One other possible defense is to rerun your tests occasionally. Confirm that winners are still winners, especially the most salient ones from many moons ago.

2. Interaction effects: Great separately, terrible together

Imagine you’re working in a large organization that has multiple work streams for outbound customer communications — that is, emails and push notifications. One of your teams is working on a brand new “abandoned cart” push notification. Another is working on a new email with product recommendations for customers. Both of these ideas are coded up and are being A/B tested at the same time. Each of them wins, so you scale both. Then BOOM, the moment you scale both, your business metrics tank.

What?!? How can that be? You tested each of the options! Well, this is happening because you’re over-messaging your customers. Each of the ideas separately didn’t cross that barrier, but together, they do. And the effect of annoyance (why are they pinging me so much?!) is overtaking the positive.

You’ve just experienced another rub of A/B testing. There’s a built-in assumption in the overall framework — that tests are independent and don’t affect each other. As you can see from the example above, this assumption can be false, and in ways that aren’t as obvious as the example above.

To make sure this doesn’t happen, have someone be the responsible party for the full set of A/B tests that are going on. This person will be able to call out potential interaction effects. If you see one, just sequence the relevant tests instead of parallelizing them.

3. The pesky confidence interval: The more tests you run, the higher the chance of error

If your organization culturally promotes the idea of experimentation, one “wrong” way it can manifest is by folks running a whole bunch of tiny tests. You know those: Increase the font size by one point, swap the order of the two modules, change a couple of words in the product description. Besides the fact that these changes will most likely not allow your organization to become the visionary of your industry (heh), there’s a poorly-understood statistics issue biting you here, too.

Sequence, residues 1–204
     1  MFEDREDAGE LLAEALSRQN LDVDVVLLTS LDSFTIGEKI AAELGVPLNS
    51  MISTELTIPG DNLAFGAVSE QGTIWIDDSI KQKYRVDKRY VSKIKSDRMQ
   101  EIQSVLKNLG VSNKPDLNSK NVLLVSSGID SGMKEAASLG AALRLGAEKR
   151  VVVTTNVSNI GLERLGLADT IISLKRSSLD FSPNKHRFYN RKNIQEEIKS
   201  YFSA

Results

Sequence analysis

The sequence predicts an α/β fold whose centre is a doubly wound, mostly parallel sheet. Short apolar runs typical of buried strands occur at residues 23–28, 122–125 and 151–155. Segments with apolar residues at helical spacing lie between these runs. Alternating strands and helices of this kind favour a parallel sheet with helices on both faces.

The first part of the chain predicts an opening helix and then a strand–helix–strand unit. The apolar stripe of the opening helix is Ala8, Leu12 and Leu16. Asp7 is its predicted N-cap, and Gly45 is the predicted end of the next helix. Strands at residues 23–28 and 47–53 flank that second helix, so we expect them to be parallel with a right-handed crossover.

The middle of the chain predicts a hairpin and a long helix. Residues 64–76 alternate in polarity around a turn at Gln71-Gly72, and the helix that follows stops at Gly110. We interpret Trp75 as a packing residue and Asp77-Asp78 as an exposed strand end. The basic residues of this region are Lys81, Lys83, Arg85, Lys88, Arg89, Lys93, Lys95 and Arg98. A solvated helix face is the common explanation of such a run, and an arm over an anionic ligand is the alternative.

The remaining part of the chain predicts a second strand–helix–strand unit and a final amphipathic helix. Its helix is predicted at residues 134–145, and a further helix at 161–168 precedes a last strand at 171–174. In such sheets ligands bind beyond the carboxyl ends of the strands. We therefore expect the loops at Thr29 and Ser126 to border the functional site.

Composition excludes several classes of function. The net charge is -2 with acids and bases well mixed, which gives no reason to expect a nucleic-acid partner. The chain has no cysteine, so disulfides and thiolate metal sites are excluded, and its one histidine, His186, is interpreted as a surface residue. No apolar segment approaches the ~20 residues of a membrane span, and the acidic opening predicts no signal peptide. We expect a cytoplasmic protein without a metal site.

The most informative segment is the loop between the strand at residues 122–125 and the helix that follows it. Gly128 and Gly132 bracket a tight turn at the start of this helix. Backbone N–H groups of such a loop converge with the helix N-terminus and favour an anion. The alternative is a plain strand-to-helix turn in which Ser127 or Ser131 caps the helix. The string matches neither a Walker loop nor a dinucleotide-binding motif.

Every time you judge an A/B test and claim option B to be better than option A, you’re running a statistical calculation based on a t-test. Inside that calculation, there’s a concept of a confidence interval: the level of certainty that you are comfortable with. Set it at 90 percent, and 10 percent of the conclusions that your A/B testing framework gives you will be wrong — it’ll say that option B is better than option A, while in reality, that’s not the case.

Now, what happens if you run 20 tiny tests, each with a 10 percent probability of a false positive? Your chance of finding a winner by mistake is then (1 – 90 percent to the power of 20). That is, 88 percent. That’s right, your A/B testing framework will show you at least one, and likely two “fake” winners from your set of 20 significant-result tests, possibly providing a feedback loop to the experimenting team that there’s indeed gold there.

How do you avoid this issue? Have someone look at the list of tests. Disallow a zillion tiny modifications. Be extra-cautious if you’re testing version eight of a concept that just keeps failing.

The tactical issues I’ve outlined here are all too easy to run into when you adopt A/B testing as a philosophy for your marketing and product teams. These aren’t trivial faux-pas that only amateurs succumb to; they’re surprisingly common. Make sure to inoculate your team from them.

Alex Weinstein is SVP of Growth at Grubhub and author of the Technology + Entrepreneurship blog http://www.alexweinstein.net, where he explores data-driven decision making in the face of uncertainty. Prior to Grubhub, he led growth and marketing technologies efforts at eBay.